MANISHA PAREKH, Black Series, 1999, black ink pigment on Kent paper and sepia mounts, 30 units, 25.5 × 35.5 cm each. Collection of the Suresh and Saroj Bhayana Family. Courtesy Vadehra Art Gallery, New Delhi.

“Fluid Structures – Gender and Abstraction”

Vadehra Art Gallery

Curated by Vadehra Art Gallery’s Vidya Shivadas, with advisory input from Sonal Khullar, “Fluid Structures” explored the contribution made by six women artists to the tradition of abstraction in India, which dates back to the 1940s with the paintings of the Progressives. The exhibition spanned two generations by showing three artists who began their experiments with abstraction in the 1960s and three who have been working since the 1990s.

Nasreen Mohamedi, Zarina Hashmi and Arpita Singh, were the exhibition’s three elder stateswomen. In her urban landscapes made with ink and pencil, Mohamedi creates perspective through shaded lines that extend toward an unseen horizon. Her drawings shown here, all untitled and undated, illustrate Mohamedi’s range of inspiration, from the geometry of Mughal architecture to street markings and shadows.

Working in a looser style, Hashmi, who has studied in Paris, Tokyo and Bangkok and now lives in New York, tracks memories of her journeys using painted lines, embossed forms and threads sewn onto paper. In Untitled (1975), lines connect different forms and surfaces, creating links between places, people and events.

The works displayed from Singh detoured from her better-known, colorful narrative paintings that address gender politics. Her experimentation with abstraction began with woodcuts, which may be the basis for her jagged-line motif seen in a trio of untitled watercolors from 1980 and 1981. The variety of her constructions, from the austerity of her watercolors to the dense planes of Drawing – IV (1982), highlights the trials Singh embarked upon in an attempt to forge an independent style.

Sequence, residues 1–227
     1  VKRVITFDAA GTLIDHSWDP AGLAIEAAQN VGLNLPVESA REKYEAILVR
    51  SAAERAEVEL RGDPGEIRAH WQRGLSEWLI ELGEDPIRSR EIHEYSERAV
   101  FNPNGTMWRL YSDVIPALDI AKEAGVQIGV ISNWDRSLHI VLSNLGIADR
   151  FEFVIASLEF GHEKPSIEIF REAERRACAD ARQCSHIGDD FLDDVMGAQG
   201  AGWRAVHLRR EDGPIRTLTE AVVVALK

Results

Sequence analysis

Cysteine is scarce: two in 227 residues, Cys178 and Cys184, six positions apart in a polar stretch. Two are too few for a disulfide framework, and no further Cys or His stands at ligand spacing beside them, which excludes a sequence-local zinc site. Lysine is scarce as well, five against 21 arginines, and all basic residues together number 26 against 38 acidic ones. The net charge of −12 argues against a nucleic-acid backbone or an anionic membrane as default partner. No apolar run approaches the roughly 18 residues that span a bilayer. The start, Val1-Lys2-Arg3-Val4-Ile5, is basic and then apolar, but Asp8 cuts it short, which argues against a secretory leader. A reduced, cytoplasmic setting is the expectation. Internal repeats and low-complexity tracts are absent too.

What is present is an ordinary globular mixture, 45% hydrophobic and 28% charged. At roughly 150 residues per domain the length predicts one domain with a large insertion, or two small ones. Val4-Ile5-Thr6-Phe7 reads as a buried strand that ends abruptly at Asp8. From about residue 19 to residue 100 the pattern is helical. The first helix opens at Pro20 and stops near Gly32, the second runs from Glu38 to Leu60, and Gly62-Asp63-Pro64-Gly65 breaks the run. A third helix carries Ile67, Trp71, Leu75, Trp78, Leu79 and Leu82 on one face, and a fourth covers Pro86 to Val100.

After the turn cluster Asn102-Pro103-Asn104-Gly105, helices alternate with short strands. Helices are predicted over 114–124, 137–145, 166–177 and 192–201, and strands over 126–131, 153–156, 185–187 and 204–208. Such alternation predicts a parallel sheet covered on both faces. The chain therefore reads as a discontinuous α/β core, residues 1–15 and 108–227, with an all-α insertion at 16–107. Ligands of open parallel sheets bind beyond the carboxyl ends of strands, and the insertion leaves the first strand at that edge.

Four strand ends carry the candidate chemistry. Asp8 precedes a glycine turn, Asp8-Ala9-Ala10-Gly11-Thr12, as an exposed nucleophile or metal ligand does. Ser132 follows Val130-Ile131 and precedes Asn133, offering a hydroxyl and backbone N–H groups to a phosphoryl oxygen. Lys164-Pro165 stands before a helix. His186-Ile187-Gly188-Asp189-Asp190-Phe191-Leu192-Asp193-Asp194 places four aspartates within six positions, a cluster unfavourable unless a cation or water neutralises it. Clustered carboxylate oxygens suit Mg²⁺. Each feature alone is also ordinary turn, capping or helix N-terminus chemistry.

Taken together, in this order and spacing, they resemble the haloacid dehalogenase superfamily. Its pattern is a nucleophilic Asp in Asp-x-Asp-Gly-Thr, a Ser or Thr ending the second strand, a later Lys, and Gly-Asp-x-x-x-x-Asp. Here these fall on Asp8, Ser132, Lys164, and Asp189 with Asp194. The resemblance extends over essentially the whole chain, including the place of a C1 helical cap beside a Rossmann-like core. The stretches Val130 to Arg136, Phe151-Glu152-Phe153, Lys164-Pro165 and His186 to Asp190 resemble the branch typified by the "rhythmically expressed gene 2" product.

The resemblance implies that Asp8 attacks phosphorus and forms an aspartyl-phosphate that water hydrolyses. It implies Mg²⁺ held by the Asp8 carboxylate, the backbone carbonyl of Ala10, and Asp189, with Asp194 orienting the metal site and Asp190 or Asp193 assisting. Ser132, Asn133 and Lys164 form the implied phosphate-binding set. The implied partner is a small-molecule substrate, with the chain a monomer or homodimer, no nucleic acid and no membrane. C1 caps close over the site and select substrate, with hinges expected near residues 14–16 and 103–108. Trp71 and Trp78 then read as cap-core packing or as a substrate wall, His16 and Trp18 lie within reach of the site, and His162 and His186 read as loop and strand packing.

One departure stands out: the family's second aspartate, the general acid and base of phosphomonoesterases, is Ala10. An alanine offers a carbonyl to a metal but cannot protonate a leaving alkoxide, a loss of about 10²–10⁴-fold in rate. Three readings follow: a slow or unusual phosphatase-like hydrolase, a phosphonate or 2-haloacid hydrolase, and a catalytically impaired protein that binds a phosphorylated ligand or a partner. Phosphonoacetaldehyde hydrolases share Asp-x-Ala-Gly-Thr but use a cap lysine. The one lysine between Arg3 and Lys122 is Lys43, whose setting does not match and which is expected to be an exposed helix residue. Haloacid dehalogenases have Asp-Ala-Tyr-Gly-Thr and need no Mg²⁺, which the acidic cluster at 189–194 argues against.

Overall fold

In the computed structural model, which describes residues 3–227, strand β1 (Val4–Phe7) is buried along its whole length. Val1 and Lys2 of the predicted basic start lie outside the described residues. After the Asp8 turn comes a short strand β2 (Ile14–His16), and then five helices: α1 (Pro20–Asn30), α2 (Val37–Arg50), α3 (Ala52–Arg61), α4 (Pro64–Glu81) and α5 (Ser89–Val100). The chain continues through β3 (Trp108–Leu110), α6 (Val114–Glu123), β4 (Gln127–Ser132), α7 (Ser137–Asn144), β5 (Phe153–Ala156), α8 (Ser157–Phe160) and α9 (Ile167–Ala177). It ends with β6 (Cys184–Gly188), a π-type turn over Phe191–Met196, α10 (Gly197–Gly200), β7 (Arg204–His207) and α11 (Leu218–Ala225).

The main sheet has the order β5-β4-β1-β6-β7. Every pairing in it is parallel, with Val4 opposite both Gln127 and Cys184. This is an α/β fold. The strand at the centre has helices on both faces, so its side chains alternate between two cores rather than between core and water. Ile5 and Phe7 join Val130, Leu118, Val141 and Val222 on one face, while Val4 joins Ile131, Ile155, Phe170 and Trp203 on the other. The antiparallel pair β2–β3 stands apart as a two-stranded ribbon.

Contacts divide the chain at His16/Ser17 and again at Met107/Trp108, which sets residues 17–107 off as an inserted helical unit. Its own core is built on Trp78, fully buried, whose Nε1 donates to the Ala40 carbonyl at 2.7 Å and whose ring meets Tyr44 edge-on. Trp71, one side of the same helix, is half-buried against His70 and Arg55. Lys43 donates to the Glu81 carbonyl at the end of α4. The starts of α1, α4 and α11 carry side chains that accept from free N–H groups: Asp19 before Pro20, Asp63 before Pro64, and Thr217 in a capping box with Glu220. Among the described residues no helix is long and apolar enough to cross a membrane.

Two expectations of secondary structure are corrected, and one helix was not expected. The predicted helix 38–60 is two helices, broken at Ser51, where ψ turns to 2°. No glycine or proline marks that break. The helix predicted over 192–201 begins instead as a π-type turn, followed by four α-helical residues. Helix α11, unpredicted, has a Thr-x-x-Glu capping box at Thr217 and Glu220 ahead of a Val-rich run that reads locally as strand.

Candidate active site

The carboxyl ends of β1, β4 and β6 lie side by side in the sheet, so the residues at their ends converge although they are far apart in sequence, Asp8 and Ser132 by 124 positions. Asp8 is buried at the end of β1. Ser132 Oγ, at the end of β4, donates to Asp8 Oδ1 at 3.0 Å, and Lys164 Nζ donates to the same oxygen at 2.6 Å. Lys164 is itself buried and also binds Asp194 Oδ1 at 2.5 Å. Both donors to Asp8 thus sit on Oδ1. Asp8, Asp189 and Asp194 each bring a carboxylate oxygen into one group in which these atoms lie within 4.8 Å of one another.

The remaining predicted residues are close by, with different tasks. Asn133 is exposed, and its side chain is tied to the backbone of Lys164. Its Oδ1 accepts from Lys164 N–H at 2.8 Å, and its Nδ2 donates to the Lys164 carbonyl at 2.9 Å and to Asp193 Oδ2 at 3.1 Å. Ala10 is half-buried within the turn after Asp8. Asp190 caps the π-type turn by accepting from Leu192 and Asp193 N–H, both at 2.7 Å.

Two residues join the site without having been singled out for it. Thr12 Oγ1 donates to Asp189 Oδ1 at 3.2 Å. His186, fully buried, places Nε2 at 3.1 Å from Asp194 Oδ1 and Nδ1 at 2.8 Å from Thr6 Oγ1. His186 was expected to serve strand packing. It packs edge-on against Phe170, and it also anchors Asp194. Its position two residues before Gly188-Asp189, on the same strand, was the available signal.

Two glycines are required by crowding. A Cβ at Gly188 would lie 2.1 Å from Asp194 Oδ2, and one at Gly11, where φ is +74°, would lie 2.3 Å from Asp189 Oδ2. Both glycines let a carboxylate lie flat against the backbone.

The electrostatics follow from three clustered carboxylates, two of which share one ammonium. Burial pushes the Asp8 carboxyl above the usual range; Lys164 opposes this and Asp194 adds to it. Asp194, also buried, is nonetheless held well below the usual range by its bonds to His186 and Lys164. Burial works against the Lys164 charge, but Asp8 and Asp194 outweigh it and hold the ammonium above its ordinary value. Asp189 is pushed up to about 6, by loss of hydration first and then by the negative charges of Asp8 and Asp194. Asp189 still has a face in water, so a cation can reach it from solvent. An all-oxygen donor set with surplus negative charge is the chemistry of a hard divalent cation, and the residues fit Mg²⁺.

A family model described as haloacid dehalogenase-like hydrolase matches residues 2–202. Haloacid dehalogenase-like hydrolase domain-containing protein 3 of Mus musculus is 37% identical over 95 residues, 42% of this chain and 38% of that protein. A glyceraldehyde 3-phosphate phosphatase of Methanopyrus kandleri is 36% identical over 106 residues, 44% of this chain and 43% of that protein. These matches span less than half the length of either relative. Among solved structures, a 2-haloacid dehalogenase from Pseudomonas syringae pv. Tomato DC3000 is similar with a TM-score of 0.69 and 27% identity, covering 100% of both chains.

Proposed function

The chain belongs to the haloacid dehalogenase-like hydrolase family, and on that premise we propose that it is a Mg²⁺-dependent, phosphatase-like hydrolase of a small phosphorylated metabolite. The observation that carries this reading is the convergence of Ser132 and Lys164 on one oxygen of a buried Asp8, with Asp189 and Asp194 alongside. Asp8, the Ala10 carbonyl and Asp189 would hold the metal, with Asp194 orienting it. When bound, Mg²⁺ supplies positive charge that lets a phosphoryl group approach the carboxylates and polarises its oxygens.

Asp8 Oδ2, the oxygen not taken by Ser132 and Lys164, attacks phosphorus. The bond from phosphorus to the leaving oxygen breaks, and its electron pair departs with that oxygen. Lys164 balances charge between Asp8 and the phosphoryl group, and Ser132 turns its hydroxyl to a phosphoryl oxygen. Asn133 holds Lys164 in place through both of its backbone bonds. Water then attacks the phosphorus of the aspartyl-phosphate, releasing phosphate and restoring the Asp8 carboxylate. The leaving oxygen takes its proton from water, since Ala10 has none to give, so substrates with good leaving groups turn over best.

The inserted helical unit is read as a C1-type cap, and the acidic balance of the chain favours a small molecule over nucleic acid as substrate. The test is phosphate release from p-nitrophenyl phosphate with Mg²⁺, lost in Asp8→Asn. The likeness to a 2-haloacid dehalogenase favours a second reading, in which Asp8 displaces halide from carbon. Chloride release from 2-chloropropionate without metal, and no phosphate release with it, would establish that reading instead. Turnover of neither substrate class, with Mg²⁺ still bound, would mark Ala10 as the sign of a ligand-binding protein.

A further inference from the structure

Of the second generation of artists, Gargi Raina stands apart for not being a pure abstractionist. Her screen installation, A Letter to Nasreen (2007) is made with wood, rice paper, gouache and dry pastel, divided into six equal segments painted on a flat surface, each given depth of field with lines. Thus the segments become compartments, five of which contain red-stained balls of string and one is left empty. The screen is a nod to Mohamedi’s use of linear spatial division; the red signifies blood and Mohamedi’s long illness and untimely death in 1990.

Sheila Makhijani and Manisha Parekh honor their elders in their primary use of abstractionism. Makhijani paints linear free-forms with no visible inspirations, offering only suggestive titles such as I Wish I Knew (2008), What Are You Both Talking About (2008) and As If (2004) to help viewers discern the meaning of her amorphous shapes. Parekh’s wall-mounted installation, A Secret Within (2008), consists of seven jute rope and acrylic sculptures situated alongside each other without a border or frame. This engagement with placement and the interplay between object and space illustrates abstractionist tenets. 

The exhibition highlighted the continued popularity of abstraction among Indian artists. It won’t be too long before a line is drawn between the two generations represented here and a third.